Can you seat more people at round or long tables?

Written by sandra kirkland
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If you don't remember your high school geometry, now is the time to review to determine which seat more people, round or long tables. The basic measurements for your computation are for your place settings. You should allow per setting either 60 cm (24 inches) --- doable but a little crowded, or 75 cm (30 inches) --- comfortably welcoming. Also, consider space in the middle of the table for serving dishes and room between the walls and the seats (45 cm (18 inches)) for guests to move around.

How to calculate for settings

When performing your calculations, remember that the formula to determine the circumference of a circle is C = d x π (pi, 3.14159) times the diameter. To calculate the number of settings for long tables, multiply the length of the table times two, divide the total by 75 cm (30 inches) and add two settings for the ends.

The number of settings for round tables

Using the above formula for finding the circumference of a circle, you can determine that a round table with a diameter of 120 cm (48 inches) can comfortably seat four or five people; a 135-cm (54-inch) table, six people; a 150-cm (60-inch) table, six people; and a 180-cm (72-inch) table, eight people. You wouldn't want a round table any larger than 180 cm (6 feet) because it would be too big for conversations to occur and there would be all that dead space in the middle.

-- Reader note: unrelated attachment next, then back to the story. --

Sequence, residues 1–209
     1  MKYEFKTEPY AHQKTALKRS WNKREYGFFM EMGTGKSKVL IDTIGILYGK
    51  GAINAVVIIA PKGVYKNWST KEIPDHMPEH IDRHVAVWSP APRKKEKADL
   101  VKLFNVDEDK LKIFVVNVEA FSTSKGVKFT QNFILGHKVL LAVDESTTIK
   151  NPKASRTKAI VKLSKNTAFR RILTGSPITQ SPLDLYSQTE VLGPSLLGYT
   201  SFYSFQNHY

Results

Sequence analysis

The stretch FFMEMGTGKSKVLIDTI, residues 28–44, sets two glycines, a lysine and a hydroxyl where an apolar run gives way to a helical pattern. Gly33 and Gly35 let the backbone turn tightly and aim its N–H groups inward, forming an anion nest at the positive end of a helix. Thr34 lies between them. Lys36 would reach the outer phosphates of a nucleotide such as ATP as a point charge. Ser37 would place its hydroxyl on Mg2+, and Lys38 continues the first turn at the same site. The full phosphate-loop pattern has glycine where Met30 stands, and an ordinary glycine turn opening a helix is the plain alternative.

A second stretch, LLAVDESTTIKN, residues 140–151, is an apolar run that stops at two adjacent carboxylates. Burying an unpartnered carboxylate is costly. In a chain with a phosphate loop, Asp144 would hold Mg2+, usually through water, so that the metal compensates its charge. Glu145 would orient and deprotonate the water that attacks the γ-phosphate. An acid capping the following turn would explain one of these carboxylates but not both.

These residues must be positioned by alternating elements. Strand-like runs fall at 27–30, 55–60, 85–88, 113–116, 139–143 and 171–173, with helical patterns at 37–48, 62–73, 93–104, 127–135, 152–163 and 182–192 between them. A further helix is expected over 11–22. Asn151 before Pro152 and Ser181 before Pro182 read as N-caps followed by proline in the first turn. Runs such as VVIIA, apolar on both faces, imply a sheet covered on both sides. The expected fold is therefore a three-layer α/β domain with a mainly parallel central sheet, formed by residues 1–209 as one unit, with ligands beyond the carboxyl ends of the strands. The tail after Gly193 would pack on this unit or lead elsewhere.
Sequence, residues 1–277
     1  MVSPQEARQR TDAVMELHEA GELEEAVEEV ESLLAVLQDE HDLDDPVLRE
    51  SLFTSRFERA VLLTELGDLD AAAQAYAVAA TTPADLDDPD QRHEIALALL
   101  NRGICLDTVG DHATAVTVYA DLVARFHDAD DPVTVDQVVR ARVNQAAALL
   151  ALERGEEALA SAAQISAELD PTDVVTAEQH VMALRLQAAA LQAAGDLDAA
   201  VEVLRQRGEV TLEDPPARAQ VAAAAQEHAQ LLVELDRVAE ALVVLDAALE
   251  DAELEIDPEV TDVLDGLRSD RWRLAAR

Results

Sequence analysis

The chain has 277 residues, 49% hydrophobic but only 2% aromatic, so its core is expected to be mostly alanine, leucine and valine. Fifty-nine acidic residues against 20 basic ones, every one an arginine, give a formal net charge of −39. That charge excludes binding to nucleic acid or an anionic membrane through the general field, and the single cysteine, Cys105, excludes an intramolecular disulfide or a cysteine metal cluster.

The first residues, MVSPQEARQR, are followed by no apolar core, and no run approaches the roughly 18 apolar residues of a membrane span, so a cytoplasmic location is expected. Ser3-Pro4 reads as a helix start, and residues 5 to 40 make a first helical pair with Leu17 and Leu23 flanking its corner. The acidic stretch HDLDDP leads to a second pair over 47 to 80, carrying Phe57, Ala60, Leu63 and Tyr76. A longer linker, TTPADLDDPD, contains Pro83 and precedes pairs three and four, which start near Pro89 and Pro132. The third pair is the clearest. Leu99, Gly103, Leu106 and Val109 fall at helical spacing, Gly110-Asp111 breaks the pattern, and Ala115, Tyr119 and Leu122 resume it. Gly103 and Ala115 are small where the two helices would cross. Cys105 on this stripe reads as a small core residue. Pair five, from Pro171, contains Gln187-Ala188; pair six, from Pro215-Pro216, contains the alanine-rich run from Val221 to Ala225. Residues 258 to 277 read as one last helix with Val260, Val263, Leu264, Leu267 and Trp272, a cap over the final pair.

Calculate the settings for long tables

When you use the formula for the number of settings per long table, you come up with the following results: A 1-metre by 1.8-metre (40 x 72-inch) table comfortably seats six guests; a 1.1- by 2.1-metre (44 x 84-inch) table, eight guests; a 1.2- by 2.4-metre (48 x 96-inch) table, either eight or ten guests if you squeeze in two at each end. Given the average size of dining rooms in today's homes, any table bigger than this would make getting into their seats impossible for guests.

Besides your personal taste and feeling that a round table is more inviting and more conducive to socialising, there are practical matters. For one thing, round tables are space savers. For another, you don't feel so cheek-to-jowl with your fellow diners, and manoeuvring in and out of your seat is easier.

The advantages of the long table

On the other hand, a long table seems more formal but can be informal if you're serving family style. If you opt for a long table, make certain that the width is in proportion with the length and can accommodate serving dishes and centrepieces. In social terms, people find conversing with the people on either side of them and across from the table more comfortable.

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